This little section of the Peaks Trail was one of the many chunky climbs rolling endlessly back to Breckenridge to complete loop1. There were rocks, roots, and some sweet single-track sections.  I rode pretty conservatively on this section opting for a smaller gear over mashing the pedals up all of those punchy climbs.

Loop 2 starts off with more climbing right out of Carter Park.  The first is up Barney Ford Hill to Sallie Barber, a short downhill section on the road then the trail unleashes Little French Flume shown above in blue.  "Little French" as it's called is steep, rocky, and unmerciful but it is ridable and I managed to make it up without touching down.  Again, the course hands out some sweet downhill after Little French to reward a hard effort.

This is the North Fork and Colorado Trail section of Loop 2.  The climbing was rough, just like you'd expect from the Colorado Trail.  Descending off of Kenosha Pass one would land just up trail from the green arrow shown above.  I knew from a pre-ride last year that there is some really sweet downhill of the back side but it seemed to take forever to get there. Climb, climb, climb.  I saw a few people starting to crack on this section.  I tried to maintain a good pace but was still not hammering any of the climbs yet.

The blue line is Gold Run Road.  It was an 18% grade in places and sucked. The hairpin section my Mineral Hill in the middle of the map unleashed an awesome single-track descent with swooping turns and a number of sweet little jumps.  Almost fun enough to make me forget the road section I just suffered through.  Again, the course dishes out pain followed by reward.  A love-hate relationship at it's best!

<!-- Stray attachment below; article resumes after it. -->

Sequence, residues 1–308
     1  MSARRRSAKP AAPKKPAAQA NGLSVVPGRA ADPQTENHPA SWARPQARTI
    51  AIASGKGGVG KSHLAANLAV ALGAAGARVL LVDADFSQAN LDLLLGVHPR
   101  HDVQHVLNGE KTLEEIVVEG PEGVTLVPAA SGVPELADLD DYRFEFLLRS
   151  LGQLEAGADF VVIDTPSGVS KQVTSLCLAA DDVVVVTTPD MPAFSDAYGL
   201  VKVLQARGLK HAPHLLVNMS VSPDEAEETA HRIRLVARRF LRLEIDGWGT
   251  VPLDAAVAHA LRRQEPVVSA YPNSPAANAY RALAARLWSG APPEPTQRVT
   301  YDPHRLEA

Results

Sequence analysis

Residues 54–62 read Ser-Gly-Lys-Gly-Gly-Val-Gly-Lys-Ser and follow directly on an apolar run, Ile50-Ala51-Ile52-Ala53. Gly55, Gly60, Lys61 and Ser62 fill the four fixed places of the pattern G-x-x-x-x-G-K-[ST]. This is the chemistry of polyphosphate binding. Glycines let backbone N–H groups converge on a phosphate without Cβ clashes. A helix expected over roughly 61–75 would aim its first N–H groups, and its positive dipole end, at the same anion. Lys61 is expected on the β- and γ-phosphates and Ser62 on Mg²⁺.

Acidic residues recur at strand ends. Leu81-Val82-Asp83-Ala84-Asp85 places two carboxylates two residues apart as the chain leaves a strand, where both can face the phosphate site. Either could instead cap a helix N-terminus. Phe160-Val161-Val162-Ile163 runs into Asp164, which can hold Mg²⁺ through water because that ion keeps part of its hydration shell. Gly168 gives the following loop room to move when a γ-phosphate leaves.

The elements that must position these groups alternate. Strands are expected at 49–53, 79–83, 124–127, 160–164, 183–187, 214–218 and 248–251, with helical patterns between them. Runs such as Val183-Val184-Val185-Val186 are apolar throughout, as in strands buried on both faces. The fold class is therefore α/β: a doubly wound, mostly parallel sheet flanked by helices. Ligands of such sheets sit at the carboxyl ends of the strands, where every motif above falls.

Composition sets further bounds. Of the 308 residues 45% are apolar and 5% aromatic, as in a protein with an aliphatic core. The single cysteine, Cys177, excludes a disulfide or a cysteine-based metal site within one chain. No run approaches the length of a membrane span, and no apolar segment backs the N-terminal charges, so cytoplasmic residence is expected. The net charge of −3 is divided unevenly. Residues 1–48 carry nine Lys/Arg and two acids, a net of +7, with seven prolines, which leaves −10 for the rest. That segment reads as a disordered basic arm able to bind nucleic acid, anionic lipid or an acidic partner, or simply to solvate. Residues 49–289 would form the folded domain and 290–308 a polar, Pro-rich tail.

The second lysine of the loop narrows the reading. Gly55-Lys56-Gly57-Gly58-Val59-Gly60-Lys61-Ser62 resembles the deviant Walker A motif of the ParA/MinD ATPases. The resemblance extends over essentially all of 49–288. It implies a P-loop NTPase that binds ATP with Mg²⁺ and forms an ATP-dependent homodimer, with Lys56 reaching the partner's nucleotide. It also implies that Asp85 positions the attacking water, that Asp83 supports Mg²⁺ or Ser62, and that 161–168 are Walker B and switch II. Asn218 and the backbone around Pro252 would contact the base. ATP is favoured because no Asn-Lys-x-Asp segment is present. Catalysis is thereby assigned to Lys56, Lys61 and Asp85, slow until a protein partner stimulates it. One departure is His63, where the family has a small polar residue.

Loop 3 starts off again with more climbing, big surprise.   The line in blue is a steady climb that gradually increases in grade and rough terrain right before it drops riders off onto Boreas Pass Road for the first crossing of Boreas Pass.

After reaching Boreas Pass the course takes a right (your left) and starts the descent down into Como.  There is still a fair amount of up and down climbing on the trail but to offset that is some of the most fun and interesting sections of single-track I've ever ridden (in the red on the left).  You'll have to check it out! Once I reached Como I was ready to unleash all that I had for the second ascent of Boreas Pass.  Looking at the elevation profile in preparation for the race I realized the race really ends at Boreas Pass because everything else, with a few short punchy climbs, was literally down hill.  I was feeling good leaving Como and had just downed my 2nd bottle of CarboRocket 333 for the lap and swapped the 3rd onto the bike.  That's 666 calories and the equivalent of 2 cans of Coke working it's way into my system.  I was ready and my legs were willing so I put it in the big ring and started hammering out of the saddle.  I managed, to my surprise, to reel in 2 or 3 riders up the pass and pushed over the top with empty bottles on fumes.  I recovered just enough on the downhill to make it over the last little kicker, down the single-track and into Carter Park with a smile. Success!